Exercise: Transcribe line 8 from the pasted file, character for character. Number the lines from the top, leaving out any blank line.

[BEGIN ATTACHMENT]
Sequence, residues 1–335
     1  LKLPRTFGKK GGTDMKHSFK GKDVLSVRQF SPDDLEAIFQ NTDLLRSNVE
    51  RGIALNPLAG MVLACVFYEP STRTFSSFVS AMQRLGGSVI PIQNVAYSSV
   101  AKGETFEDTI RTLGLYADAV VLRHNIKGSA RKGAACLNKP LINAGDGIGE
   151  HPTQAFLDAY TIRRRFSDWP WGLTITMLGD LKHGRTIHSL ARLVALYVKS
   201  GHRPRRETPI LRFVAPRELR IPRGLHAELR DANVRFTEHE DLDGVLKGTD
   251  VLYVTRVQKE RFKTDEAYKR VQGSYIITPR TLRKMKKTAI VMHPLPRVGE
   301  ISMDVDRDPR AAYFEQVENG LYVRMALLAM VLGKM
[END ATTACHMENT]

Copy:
   301  ISMDVDRDPR AAYFEQVENG LYVRMALLAM VLGKM